Labour bites

Vale Andrew Casey

Regular readers of this column will be aware that for more than a decade it has reached far and wide in its scope of national and international news items all with a trade union flavour. Some might also be aware that my source for the majority of these stories is the LabourStart website The most prolific contributor to the Australian LabourStart page was committed trade unionist Andrew Casey.

Andrew, aged 64, collapsed and died suddenly in Sydney on 1 February. Among the thousands of tributes ACTU Secretary Sally McManus described Mr Casey’s death as “an immense loss to the union movement”. “Andrew was the kind of unionist we all aspire to be — he lived union values every day, giving his experience, his wisdom and his time to improve the lives of working Australians,” she said.

A former journalist, media adviser and political activist, Andrew spent his early career as a journalist with The Sydney Morning Herald, becoming well known as the paper’s industrial relations reporter and later served as education reporter. He went on to the ACTU in 1988 as its inaugural media officer when Bill Kelty was the organisation’s secretary and served under successive ACTU presidents Simon Crean and Martin Ferguson as the man behind them as public spokesmen for the organisation.

In recent years Andrew retired but he remained committed to online reporting for international labour networks. He will be remembered as a true believer who was devoted to trade unionism and human rights causes. (Source: The Australian)

Spotless wage thieves

In a landmark ruling, the Federal Court has found today that a Spotless subsidiary failed to meet its obligations under the NES to provide notice and severance pay to employees – some with 15 to 20 years service – when it lost a longstanding services contract at a major shopping complex.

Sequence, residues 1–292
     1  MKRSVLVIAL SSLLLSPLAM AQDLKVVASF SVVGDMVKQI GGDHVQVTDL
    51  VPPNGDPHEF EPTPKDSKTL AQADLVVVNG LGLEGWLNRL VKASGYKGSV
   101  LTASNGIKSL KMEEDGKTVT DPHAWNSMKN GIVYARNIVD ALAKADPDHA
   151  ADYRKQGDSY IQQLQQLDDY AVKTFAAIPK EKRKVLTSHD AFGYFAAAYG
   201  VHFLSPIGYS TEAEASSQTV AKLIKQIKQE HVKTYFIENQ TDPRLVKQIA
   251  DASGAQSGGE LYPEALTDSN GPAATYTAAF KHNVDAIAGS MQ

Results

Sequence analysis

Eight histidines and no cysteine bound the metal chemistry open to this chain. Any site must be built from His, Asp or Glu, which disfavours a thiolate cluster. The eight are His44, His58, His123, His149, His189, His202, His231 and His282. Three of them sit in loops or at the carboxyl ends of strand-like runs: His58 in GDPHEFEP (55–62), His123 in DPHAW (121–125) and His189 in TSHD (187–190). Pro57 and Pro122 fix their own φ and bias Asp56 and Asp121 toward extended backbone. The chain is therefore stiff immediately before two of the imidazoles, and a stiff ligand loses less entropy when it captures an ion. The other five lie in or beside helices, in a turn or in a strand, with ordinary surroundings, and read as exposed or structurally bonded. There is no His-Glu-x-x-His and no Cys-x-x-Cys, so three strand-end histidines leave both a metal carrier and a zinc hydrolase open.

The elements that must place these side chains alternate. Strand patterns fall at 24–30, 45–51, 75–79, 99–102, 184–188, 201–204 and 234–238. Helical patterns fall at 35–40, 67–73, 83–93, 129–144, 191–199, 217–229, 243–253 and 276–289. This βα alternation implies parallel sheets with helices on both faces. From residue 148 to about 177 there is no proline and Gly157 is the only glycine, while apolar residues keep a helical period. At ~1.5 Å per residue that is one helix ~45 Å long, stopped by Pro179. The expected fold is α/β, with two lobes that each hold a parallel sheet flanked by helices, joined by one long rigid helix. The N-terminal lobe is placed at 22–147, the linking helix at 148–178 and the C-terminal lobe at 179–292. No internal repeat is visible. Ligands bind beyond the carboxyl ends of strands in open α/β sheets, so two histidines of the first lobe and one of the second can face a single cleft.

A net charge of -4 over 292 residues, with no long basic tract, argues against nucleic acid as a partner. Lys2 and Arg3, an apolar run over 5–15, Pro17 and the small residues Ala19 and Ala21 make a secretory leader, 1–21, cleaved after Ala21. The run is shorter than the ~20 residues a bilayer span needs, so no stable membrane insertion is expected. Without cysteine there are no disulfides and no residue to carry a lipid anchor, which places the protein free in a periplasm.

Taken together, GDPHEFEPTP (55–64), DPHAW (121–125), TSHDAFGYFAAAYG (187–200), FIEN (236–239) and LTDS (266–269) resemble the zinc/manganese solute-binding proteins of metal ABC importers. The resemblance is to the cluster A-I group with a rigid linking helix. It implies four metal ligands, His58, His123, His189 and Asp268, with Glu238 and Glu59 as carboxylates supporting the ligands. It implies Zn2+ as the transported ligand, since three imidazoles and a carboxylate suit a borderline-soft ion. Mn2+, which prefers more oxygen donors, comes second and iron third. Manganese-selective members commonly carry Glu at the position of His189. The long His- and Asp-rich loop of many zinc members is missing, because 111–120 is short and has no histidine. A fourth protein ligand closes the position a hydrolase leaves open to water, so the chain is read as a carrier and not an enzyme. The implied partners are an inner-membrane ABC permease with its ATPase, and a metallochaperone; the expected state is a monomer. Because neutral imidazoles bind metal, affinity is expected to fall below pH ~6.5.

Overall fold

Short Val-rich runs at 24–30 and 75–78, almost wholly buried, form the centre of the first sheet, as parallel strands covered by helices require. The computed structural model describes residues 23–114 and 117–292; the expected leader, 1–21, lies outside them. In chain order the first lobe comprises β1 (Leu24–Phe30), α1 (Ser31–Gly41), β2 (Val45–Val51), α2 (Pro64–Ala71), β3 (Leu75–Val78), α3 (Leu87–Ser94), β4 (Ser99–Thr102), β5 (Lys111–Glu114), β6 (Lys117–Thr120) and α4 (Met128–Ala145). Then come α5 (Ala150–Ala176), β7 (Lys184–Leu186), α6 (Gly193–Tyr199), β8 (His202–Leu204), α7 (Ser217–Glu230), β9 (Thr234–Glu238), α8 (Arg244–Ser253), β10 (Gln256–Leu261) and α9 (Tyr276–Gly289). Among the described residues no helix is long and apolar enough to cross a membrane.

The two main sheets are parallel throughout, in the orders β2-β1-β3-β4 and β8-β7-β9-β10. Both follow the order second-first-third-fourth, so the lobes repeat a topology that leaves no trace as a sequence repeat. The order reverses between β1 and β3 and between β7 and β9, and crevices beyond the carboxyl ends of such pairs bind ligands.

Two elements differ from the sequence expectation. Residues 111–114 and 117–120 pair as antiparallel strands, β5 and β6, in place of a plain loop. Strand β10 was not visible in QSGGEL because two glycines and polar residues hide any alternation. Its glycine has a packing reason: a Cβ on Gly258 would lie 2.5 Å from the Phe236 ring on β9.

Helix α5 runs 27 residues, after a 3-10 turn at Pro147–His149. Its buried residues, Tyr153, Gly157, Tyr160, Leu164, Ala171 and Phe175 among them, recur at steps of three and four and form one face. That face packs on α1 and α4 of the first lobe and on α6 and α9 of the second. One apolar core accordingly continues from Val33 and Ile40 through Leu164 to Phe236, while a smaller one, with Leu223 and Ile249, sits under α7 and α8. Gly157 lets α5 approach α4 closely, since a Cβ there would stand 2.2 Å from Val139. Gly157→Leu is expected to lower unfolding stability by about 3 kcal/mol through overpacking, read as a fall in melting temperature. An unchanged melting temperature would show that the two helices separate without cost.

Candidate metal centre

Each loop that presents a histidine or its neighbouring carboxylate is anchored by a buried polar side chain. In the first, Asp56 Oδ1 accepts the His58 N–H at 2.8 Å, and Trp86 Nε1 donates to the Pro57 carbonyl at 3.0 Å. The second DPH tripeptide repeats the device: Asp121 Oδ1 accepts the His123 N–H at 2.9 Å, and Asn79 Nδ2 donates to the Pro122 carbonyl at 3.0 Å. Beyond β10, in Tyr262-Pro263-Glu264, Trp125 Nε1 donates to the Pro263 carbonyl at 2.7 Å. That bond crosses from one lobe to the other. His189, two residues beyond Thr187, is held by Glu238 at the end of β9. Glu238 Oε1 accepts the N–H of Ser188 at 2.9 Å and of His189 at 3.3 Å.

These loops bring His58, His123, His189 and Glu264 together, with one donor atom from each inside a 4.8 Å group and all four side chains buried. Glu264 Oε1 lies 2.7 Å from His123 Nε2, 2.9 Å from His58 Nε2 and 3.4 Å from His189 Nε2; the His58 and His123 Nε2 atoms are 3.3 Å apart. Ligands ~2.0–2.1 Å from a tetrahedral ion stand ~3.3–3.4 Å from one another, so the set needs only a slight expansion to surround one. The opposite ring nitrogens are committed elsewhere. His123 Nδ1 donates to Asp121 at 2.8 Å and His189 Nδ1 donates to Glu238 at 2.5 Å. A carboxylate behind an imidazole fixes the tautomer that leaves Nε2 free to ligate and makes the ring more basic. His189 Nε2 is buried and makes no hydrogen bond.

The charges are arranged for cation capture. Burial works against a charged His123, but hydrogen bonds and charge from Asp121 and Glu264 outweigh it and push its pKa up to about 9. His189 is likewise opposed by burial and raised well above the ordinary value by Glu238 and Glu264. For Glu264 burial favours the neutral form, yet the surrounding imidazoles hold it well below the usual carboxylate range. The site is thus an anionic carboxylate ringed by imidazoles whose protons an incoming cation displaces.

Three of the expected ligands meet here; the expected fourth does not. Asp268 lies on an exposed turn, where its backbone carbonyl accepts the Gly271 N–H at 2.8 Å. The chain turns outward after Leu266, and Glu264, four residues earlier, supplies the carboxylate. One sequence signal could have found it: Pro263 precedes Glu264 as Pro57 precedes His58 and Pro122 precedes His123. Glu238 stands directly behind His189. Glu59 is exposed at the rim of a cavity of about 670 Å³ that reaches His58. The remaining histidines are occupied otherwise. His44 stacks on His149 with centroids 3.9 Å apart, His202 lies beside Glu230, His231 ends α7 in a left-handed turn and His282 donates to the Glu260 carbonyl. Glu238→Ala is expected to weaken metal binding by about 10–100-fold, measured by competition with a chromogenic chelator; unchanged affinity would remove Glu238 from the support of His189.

The company claimed that it escaped the severance pay obligation because of the exception that applies when employees become redundant and “this is due to the ordinary and customary turnover of labour”. However Justice John Reeves ruled against the company’s construction of the provision.

He said the company would be required to pay notice and severance pay to the employees, plus interest.

United Voice, which brought the case, says the employees missed out on $200,000 in total and the longest serving employees will be entitled to payouts of up to 21 weeks, plus interest, the union says. (Source: Workplace Express)

Massive wealth v trade unions

A 20 year campaign by right wing billionaire donors to undermine trade unions and strike a blow at the progressive movement in America comes to a climax soon, in a hearing at the US supreme court.

The nine justices of the nation’s highest court will hear arguments in Janus V AFSCME, a case that has the potential to strip unions of a major source of income. Should the court rule against the public sector unions – as many fear it will – they stand to suffer a decline in their 7.2 million-strong membership, and with it the withering of their political strength.

Conservative activists and think-tank’s, backed by corporate donors including the Koch brothers and the Bradley Foundation, have long been preparing for this moment, as part of a larger campaign to tilt the democratic process to the right. In just the past four years, the supreme court has considered three challenges to public sector unions.

At the heart of the Janus case is whether trade unions can legitimately charge all public employees a portion of the costs of collective bargaining, on grounds that every worker, and not just union members, benefits from negotiated higher wages. Such ‘fair-share’ fees are currently allowed in 23 states, and were approved by the US supreme court in 1977 in Abood v Detroit Board of Education.

Randi Weingarten, president of the American Federation of Teachers, said the Bradley Foundation’s aim was to create “a monopoly on economic and political power. They want the playing field entirely to themselves”. (Source: The Guardian)

John Quessy